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How To Grow Eggplant And Tricks To Get More Fruit

Eggplant – you either love it or hate it. This misunderstood vegetable has very few tepid fans.

Even those of us that adore the creamy taste of perfectly cooked eggplant rarely think to plant them in the garden.

They have a reputation for being a rather fussy vegetable. Knowing a bit more about the needs of these lovely plants makes growing them successfully much easier.

Whether you grow them in your garden or a container, eggplants can be an excellent addition to your homegrown harvest each year.

Eggplants are native to Asia and a member of the nightshade family, like tomatoes and peppers. They are a fruit, even though we generally think of them as a vegetable. In other parts of the world, eggplants are known as aubergine or brinjal.

All things considered, they are one of my personal favorites to plant in my garden each year. I hope you’ll make room for these wonderful fruits this growing season.

These bushy plants require considerable space in the garden, but some varieties do well in containers too.

Eggplants are heat-loving and do best in areas with long, hot summers. However, that doesn’t mean places with shorter growing seasons have to do without.

There are some excellent fast-maturing varieties that will give you a lovely yield of fruit as well, like the slender and delicious Japanese eggplant.

Starting from seed

I would recommend planting from seed if you want a variety beyond the usual Black Beauty, which are the most commonly found eggplants for nursery starts.

However, as their popularity grows, you can often find Japanese/Asian or even white eggplants in nurseries now.

There are quite a few beautiful hybrids and heirloom varieties available; if you’re willing to grow them from seed, these are great for anyone looking to try something new and different.

Baker Creek Heirloom Seeds offer a number of eggplant varieties to try growing yourself.

To start eggplant seedlings, you’ll want to plant the seeds between 8 to 10 weeks before you plan to transplant them outside.

Sow one seed per seedling pot about ¼” deep. Water and keep them in a warm and bright place in your home. They will need at least 6-8 hours of light a day. You can always use a grow light to help them along if you don’t have much natural light in your home.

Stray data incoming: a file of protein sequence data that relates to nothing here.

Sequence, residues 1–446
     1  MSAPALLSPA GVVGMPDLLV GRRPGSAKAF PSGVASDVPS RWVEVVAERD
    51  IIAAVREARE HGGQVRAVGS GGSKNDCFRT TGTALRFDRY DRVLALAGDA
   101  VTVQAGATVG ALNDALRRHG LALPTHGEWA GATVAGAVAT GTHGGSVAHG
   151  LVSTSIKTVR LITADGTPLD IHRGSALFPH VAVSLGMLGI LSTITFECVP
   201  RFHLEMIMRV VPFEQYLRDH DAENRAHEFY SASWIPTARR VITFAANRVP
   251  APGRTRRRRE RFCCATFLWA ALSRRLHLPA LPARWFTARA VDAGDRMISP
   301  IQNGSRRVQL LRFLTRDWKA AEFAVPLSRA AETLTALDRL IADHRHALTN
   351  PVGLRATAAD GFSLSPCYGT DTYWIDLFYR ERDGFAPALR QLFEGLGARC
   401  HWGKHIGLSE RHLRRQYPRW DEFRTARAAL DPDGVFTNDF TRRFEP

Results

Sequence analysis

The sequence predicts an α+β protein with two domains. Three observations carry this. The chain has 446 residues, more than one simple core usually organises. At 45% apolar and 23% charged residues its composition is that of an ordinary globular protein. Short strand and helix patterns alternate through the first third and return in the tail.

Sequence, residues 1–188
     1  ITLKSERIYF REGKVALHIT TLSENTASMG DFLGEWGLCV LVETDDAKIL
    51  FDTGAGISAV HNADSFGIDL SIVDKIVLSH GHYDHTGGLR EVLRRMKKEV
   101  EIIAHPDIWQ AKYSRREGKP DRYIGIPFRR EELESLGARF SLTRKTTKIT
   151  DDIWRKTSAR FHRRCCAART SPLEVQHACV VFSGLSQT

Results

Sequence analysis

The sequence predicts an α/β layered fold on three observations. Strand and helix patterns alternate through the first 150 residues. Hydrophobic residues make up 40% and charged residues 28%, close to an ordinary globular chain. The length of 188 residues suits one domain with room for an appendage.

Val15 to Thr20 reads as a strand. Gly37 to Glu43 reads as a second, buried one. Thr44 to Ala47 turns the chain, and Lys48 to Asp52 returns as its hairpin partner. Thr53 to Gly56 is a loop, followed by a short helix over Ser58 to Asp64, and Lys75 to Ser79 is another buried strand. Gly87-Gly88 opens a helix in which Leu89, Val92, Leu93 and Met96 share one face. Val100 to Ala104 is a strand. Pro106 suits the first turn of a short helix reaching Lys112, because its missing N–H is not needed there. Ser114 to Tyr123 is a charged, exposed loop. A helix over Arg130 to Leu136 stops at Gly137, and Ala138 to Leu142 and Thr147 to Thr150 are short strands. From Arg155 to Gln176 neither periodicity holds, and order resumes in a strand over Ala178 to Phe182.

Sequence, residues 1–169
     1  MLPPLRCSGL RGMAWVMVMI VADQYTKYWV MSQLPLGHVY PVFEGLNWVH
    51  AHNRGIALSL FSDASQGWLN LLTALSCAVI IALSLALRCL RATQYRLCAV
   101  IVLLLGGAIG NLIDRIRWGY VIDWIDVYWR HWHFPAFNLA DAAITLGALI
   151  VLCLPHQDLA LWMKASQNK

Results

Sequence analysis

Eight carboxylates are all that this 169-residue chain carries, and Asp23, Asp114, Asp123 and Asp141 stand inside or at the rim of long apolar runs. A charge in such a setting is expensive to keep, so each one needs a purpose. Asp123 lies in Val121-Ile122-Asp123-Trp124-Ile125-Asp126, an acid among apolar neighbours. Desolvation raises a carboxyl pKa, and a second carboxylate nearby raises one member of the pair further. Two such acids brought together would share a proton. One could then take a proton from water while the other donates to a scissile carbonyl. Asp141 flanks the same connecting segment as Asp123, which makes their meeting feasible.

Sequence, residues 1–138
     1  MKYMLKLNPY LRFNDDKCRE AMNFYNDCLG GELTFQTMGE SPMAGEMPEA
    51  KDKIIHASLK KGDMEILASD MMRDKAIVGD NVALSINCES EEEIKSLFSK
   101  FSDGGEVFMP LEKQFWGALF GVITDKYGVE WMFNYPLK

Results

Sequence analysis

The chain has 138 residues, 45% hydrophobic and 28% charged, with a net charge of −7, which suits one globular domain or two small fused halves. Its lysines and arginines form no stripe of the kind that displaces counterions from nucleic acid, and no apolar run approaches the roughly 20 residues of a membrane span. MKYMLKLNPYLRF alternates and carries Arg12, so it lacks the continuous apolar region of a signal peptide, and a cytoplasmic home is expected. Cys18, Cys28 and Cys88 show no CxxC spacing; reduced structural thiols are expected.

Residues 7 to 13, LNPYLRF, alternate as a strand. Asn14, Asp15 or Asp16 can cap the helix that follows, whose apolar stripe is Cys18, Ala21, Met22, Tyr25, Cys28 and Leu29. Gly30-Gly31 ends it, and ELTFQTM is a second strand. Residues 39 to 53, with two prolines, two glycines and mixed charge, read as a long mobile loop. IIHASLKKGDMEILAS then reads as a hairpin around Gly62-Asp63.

Cover the pots with a dome to keep them warm and moist until the seedlings are around 2” tall. Stake these little guys early!

When to transplant

Eggplant seedlings shouldn’t be planted outdoors until all danger of frost is past, and the ground has warmed up significantly. Check the frost dates for your area and plan accordingly.

If you want to get a jump on the season, put a layer of black landscape cloth on your freshly tilled garden and tuck the edges down into the dirt. This will help to warm the soil quicker. However, later planting can help ward off pests, so it’s something to consider.

Before you can transplant your eggplant, you’ll need to harden them off.

You can do this by moving them to a cooler area in your home, as well as by putting them outdoors for a few hours at a time during the day. Slowly lengthen the time they spend outdoors and be careful not to let your seedlings dry out.

Soil and feeding

Eggplants do best in neutral to slightly acidic soil, between 5.5 – 7 pH. 

When your plants are small, be sure to feed them a nitrogen-rich fertilizer. Usually, an all-purpose fertilizer is sufficient.

However, once they start to produce flowers, you need to cut back on the nitrogen and switch to a vegetable-specific fertilizer, otherwise you will end up with large, bushy plants, but no fruit. The Old Farmer’s Almanac Tomato & Vegetable Plant Fertilizer fits the bill.

Eggplants flourish if they are fed magnesium. An easy and all-natural way to do this is to mix a tablespoon of Epsom salt in a gallon of water and water your plant with this solution.